# Do all ciphers have equivalent decryption keys?

Do all ciphers suffer from the problem of multiple equivalent decryption keys? Is the existence of equivalent keys an essential property for the security of a cipher?

If you could prove that a cipher had no equivalent keys, would that lead to a procedure for recovering the key under the known-plaintext attack model?

• Are you talking about symmetric key ciphers? Because most modern block ciphers are designed to have no weak keys, which includes equivalent keys (like the weak and semi-weak keys of DES). What lead you to believe that equivalent keys would be essential for security? – J.D. Jul 2 '16 at 17:55
• A linear system has a unique solution if it is non-singular and requires no guesswork. But it seems guessing is a desirable feature of a cipher solution. – user9070 Jul 2 '16 at 18:07
• A block cipher is ideally very far from a linear system. Large classes of equivalent keys greatly weaken the cipher, because a key-guessing attacker only has to test one key per equivalence class. – J.D. Jul 2 '16 at 18:18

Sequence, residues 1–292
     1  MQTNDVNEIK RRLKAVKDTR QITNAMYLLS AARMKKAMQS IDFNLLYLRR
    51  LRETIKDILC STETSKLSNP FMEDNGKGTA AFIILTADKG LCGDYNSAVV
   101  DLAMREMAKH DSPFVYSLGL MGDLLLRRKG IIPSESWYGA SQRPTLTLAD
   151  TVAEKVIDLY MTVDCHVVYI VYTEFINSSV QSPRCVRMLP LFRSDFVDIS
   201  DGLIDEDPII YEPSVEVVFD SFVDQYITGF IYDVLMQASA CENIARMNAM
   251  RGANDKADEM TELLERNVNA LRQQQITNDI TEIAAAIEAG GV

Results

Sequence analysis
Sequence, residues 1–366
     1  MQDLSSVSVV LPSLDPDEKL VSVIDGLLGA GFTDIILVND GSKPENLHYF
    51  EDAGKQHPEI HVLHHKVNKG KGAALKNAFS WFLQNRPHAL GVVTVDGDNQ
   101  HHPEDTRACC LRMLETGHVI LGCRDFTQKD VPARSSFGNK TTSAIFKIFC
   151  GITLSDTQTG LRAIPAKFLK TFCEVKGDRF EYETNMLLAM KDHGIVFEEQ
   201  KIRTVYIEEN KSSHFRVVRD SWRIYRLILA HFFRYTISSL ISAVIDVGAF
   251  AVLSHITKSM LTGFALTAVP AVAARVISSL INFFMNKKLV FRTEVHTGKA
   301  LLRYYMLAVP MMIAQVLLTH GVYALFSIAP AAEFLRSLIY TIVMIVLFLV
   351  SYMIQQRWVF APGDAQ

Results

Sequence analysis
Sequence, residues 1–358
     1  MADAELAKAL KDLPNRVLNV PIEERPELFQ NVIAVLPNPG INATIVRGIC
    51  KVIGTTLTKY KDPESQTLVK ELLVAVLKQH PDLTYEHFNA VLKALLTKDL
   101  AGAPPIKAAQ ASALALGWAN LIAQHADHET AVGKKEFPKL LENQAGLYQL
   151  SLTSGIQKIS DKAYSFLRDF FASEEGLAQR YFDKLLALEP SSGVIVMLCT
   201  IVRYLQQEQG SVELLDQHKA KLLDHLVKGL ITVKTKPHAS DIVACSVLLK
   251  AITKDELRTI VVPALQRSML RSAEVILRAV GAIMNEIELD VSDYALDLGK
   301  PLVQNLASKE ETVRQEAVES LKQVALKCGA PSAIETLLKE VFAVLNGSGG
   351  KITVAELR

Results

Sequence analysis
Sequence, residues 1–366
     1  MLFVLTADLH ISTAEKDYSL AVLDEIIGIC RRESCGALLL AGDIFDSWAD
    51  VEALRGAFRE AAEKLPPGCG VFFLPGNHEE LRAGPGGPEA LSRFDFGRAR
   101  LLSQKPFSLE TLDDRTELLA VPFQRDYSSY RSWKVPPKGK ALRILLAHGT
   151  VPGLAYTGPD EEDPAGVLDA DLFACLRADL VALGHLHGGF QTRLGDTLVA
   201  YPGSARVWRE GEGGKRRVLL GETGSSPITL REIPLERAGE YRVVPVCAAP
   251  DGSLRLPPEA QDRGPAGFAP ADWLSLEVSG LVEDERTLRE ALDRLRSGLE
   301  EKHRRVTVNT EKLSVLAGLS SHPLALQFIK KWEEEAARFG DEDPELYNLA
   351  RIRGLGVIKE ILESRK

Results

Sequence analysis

• What is an equivalent decryption key? – Andrew Hoffman Jul 3 '16 at 4:03
• @AndrewHoffman it's two (or more) keys that all work to decrypt a ciphertext correctly. – user9070 Jul 3 '16 at 4:58

Do all ciphers suffer from the problem of multiple equivalent decryption keys?

No. The number of non-equivalent keys is bounded by the number of permutations. Since the number of permutations is very high there is a very big chance that ciphers do not have equivalent keys. This is especially true for ciphers with a high block size (AES with 128 bits). Even if an equivalent key would exist, it would probably be rather tricky to find a set of two equivalent keys. How tricky depends on the cipher of course.

Is the existence of equivalent keys an essential property for the security of a cipher?

Therefore no.

If you could prove that a cipher had no equivalent keys, would that lead to a procedure for recovering the key under the known-plaintext attack model?

No. Finding that a cipher does not have equivalent keys would enhance the security of the cipher, not decrease it.